Features | Partner Sites | Information | LinkXpress
Sign In
BioConferenceLive
JIB
GLOBETECH PUBLISHING

Disrupted Micronuclei Cited as Potential Non-Small-Cell Lung Cancer Biomarkers

By BiotechDaily International staff writers
Posted on 16 Jul 2013
Cancer researchers have found that collapse of the nuclear membrane that surrounds micronuclei—bits of the genome that become detached during cell replication—may allow these damaged segments of DNA to reenter the cell's genetic material with possible cancer-causing consequences.

Investigators at the Salk Institute for Biological Sciences (La Jolla, CA, USA) worked with cultures of non-small-cell lung cancer (NSCLC) cells. They reported in the July 3, 2013, issue of the journal Cell that micronuclei, which were sometimes generated when these cells replicated, had reduced functioning compared to primary nuclei in the same cell, although the two compartments appeared to be structurally comparable. Over 60% of micronuclei were found to undergo an irreversible loss of compartmentalization during interphase due to collapse of their nuclear envelope.

The disruption of the micronuclei, which was induced by defects in nuclear lamina assembly, drastically reduced nuclear functions and had the potential to trigger massive DNA damage. Disruption of micronuclei was associated with chromatin compaction and invasion of endoplasmic reticulum (ER) tubules into the chromatin.

Disrupted micronuclei were detected in both major subtypes of NSCLC, suggesting that this feature could be a useful objective biomarker for genomic instability in solid tumors.

"Our study shows that more than 60% of micronuclei undergo catastrophic dysfunction in solid tumors such as NSCLC," said senior author Dr. Martin Hetzer, professor of molecular and cell biology at the Salk Institute for Biological Sciences. "We identified disrupted micronuclei in two major subtypes of human non-small-cell lung cancer, which suggests that they could be a valuable tool for cancer diagnosis."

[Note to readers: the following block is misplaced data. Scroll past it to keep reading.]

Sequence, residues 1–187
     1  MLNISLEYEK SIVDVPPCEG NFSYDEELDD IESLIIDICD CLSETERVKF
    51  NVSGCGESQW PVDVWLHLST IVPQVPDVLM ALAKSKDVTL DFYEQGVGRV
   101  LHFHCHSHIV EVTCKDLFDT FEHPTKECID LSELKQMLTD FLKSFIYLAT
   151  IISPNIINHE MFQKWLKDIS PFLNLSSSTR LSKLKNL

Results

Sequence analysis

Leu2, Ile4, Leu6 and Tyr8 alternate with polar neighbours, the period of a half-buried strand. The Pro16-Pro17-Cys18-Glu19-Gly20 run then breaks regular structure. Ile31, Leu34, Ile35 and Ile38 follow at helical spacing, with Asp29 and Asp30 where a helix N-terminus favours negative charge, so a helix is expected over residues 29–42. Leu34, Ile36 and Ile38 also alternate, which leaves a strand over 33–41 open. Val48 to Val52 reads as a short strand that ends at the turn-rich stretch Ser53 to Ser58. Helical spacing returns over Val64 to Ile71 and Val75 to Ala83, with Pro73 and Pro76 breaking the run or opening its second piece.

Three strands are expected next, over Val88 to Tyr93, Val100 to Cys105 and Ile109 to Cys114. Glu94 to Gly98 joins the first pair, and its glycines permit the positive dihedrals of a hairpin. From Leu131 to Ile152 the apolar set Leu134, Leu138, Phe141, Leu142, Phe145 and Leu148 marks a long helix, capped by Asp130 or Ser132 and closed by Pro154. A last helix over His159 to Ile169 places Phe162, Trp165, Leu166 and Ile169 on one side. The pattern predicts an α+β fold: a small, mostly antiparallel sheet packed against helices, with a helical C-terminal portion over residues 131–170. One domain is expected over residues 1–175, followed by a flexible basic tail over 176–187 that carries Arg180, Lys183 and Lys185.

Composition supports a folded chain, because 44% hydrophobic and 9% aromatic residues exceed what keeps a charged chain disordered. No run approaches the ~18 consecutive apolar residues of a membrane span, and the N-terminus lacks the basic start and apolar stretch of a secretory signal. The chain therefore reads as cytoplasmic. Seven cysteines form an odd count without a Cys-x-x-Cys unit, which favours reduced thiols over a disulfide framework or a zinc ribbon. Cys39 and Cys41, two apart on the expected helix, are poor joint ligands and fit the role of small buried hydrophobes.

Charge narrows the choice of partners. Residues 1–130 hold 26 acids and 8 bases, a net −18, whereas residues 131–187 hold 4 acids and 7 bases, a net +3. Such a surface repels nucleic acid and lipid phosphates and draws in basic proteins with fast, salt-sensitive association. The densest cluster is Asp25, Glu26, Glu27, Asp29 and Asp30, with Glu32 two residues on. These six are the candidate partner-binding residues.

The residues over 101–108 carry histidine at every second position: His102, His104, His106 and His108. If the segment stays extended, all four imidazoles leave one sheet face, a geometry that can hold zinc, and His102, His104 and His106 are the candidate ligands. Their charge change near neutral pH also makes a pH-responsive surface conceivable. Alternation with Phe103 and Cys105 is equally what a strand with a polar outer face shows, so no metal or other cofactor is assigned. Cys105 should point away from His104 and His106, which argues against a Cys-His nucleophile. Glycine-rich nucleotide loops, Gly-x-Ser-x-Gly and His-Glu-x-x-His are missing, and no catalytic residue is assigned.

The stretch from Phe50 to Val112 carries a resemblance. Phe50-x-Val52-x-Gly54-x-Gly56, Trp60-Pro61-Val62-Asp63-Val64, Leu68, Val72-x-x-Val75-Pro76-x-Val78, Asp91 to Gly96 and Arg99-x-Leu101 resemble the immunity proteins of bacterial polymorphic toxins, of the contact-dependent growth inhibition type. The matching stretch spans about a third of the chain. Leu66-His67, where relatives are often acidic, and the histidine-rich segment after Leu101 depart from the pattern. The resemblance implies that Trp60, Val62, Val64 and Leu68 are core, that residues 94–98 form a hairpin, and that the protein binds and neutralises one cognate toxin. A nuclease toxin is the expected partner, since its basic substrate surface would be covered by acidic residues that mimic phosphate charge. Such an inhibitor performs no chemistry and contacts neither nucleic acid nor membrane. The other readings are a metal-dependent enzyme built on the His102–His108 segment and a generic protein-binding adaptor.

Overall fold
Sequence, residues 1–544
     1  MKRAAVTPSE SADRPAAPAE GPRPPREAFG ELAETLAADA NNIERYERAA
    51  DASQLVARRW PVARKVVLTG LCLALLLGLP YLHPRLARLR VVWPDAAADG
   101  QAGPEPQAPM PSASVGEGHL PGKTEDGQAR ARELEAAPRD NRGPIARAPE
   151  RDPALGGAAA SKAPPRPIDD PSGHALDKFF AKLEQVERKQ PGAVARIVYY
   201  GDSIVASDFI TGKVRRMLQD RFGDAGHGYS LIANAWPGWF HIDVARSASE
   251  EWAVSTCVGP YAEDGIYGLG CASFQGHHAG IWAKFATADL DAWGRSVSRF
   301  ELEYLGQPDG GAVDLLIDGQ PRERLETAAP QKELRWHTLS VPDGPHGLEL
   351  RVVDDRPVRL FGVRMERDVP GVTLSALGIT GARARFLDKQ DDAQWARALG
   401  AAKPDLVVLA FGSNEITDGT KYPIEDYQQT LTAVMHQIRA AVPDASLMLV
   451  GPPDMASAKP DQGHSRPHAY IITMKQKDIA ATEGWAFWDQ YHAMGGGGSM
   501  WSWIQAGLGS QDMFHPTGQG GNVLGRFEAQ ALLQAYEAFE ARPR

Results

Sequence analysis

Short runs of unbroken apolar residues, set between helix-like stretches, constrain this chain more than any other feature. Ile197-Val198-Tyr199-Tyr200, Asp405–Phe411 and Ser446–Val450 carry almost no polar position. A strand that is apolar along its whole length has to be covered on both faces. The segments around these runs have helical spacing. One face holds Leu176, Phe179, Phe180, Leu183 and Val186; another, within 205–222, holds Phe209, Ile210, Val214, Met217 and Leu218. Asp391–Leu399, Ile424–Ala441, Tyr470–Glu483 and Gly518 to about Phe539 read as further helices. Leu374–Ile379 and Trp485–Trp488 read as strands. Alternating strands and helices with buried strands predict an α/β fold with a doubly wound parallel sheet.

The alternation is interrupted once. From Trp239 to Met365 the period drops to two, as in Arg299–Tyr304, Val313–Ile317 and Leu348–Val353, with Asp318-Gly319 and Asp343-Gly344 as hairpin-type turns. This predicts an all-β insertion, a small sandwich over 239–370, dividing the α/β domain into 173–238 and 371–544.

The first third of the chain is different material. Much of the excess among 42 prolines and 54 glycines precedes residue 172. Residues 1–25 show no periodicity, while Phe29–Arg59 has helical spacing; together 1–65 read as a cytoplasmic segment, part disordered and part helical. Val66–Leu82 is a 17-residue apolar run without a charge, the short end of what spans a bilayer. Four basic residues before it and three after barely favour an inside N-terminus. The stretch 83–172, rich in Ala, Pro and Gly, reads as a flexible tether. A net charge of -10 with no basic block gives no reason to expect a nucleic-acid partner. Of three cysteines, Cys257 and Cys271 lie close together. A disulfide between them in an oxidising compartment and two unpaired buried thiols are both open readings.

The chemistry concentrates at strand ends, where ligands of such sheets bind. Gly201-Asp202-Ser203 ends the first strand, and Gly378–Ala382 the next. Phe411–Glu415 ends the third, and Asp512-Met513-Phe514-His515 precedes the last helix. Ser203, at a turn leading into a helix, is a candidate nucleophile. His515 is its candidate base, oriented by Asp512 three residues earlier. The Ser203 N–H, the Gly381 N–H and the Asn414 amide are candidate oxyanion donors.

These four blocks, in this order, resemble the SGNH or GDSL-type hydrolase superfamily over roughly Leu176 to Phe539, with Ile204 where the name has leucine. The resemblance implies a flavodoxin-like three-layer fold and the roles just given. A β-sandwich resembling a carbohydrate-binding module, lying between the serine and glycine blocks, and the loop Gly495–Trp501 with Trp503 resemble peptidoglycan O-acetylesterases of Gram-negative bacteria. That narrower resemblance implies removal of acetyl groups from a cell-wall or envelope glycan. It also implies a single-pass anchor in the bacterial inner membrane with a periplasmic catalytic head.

Related Links:
Salk Institute for Biological Sciences



comments powered by Disqus

Channels

Drug Discovery

view channel
Image: The European Commission has approved the use of Avastin combined with chemotherapy as a treatment for women with recurrent ovarian cancer (Photo courtesy of Genentech).

Drug for Treatment of Platinum Resistant Recurrent Ovarian Cancer Approved for Use in Europe

For the first time in more than 15 years the European Commission (EC) has approved a new therapeutic option for the most difficult to treat form of ovarian cancer. Ovarian cancer causes more deaths... Read more

Therapeutics

view channel
Image: This type of electronic pacemaker could become obsolete if induction of biological pacemaker cells by gene therapy proves successful (Photo courtesy of Wikimedia Commons).

Gene Therapy Induces Functional Pacemaker Cells in Pig Heart Failure Model

Cardiovascular disease researchers working with a porcine heart failure model have demonstrated the practicality of using gene therapy to replace implanted electronic pacemakers to regulate heartbeat.... Read more

Lab Technologies

view channel
Image: Neurons (greenish yellow) attach to silk-based scaffold (blue) creating functional networks throughout the scaffold pores (dark areas) (Photo courtesy of Tufts University).

Functional 3D Brain-Like Tissue Model Bioengineered

Researchers recently reported on the development of the first complex, three-dimensional (3D) model comprised of brain-like cortical tissue that displays biochemical and electrophysiologic responses, and... Read more

Business

view channel

Global Computational Biology Sector Expected to Reach over USD 4 Billion by 2020

The global market for computational biology is expected to reach USD 4.285 billion by 2020 growing at a compound annual growth rate (CAGR) of 21.1%, according to new market research. Steady surge in the usage and application of computational biology for bioinformatics R&D programs designed for sequencing genomes... Read more
 
Copyright © 2000-2014 Globetech Media. All rights reserved.